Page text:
A welcome host at Warwick Parkway station, the man who designed the InterCity 125 nose cone and a legendary rail manager in the west country were among railway staff who received new year’s honours.
In London, Transport Commissioner Sir Peter Hendy CBE (pictured right), received a knighthood for services to transport. London Underground’s Chief Operating Officer, Howard Collins received an OBE for services to the London 2012 Games.
Boris Johnson, Mayor of London said, ‘Congratulations too to Howard Collins for his OBE and (bus controller) Nana Nyarko for his MBE. I am sure Sir Peter will be the first to join me in paying tribute to them and to the thousands of London’s transport workers, whose hard work every day is also recognised through these honours.’
Judith Biggs has been awarded a BEM, British Empire Medal, for her services to railway passengers at Warwick Parkway station.
Says Judith, ‘This is something I will never forget. I never imagined I would ever get this kind of award. I just never expected it. I love my job and talking to the passengers, they are like my extended family.’
First Great Western’s regional manager Julian Crow, received the MBE. Says Mr Crow, 61, ‘It is a lovely thing to happen towards the end of a long career. My wife is thrilled and deserves at least half of it. Having spent so long in the rail industry you just keep your head down and get on with it.’
Julian Crow joined British Rail as a trainee and rose through the ranks. Under his stewardship passenger numbers have soared on branch lines in the south west.
This is a significant award and I am very appreciative. But as I have said many times before, the reason I do this is to put a smile on children’s faces. That is reward enough for me.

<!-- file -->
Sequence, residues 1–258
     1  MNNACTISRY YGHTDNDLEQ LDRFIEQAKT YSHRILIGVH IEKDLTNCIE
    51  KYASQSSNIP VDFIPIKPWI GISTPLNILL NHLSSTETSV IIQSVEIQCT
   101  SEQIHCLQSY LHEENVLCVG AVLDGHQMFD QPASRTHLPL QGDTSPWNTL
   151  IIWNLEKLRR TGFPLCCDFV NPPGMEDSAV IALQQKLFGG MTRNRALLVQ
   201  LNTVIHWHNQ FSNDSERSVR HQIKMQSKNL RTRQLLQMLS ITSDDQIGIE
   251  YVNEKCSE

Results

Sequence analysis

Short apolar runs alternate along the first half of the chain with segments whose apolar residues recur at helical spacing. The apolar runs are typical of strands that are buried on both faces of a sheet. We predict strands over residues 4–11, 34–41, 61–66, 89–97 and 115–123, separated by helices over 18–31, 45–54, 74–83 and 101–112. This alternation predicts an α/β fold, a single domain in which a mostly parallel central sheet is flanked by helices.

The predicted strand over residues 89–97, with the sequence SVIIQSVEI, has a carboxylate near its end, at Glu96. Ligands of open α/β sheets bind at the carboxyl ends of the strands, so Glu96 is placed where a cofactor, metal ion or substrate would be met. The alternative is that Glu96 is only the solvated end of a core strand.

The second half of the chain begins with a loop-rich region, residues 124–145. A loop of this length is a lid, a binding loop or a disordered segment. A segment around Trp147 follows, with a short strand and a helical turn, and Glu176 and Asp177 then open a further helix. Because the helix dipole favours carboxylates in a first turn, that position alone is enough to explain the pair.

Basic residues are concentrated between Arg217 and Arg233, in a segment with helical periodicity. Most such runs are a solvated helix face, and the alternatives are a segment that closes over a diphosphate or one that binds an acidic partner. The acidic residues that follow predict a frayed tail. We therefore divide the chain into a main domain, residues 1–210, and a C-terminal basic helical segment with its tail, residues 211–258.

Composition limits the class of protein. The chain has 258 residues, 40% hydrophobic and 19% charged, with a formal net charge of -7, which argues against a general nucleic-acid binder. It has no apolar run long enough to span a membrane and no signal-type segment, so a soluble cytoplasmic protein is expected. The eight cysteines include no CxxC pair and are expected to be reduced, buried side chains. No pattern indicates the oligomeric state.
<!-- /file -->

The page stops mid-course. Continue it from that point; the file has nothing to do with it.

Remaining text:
Kenneth Grange, 83, (pictured left) who designed the nose cone of the British Rail InterCity 125 high speed train, received a knighthood. He described himself as chuffed to bits and says he has always been a monarchist and a fan of Prince Philip.
British Rail’s former general manager of the Eastern Region based in York, Frank Paterson, 82, has been made an MBE for services to museums. Mr Paterson has chaired the Friends of the National Railway Museum for ten years and until earlier this year had been on the museum’s advisory board since 1978.
Les Hoey, 51, (pictured above & right) who works for Network Rail in Motherwell, was awarded the MBE for his phenomenal efforts at charity fund raising. Over the last 20 years Mr Hoey has helped hundreds of children with life threatening illnesses.
It all started when his daughter Shelley, aged 12, was diagnosed with acute lymphoblastic leukaemia in 1992. Realising the depth of the problems children and parents faced, Les set about raising tickets and funds for concerts, shows, football matches and pantomimes. Examples of his work are legendary.
Colin McLaren, as a very ill 14 year old, was terrified at the prospect of undergoing a transplant. Colin was surprised to receive a telephone call just before the op. On the line was Les and the Scotland football team, who had joined together and called Colin up to wish him well.
Les Hoey said, ‘This is a significant award and I am very appreciative. But as I have said many times before, the reason I do this is to put a smile on children’s faces. That is reward enough for me.’
Les Hoey’s daughter, Shelley, survived her illness and is now a fit healthy 32 year old working as a care assistant.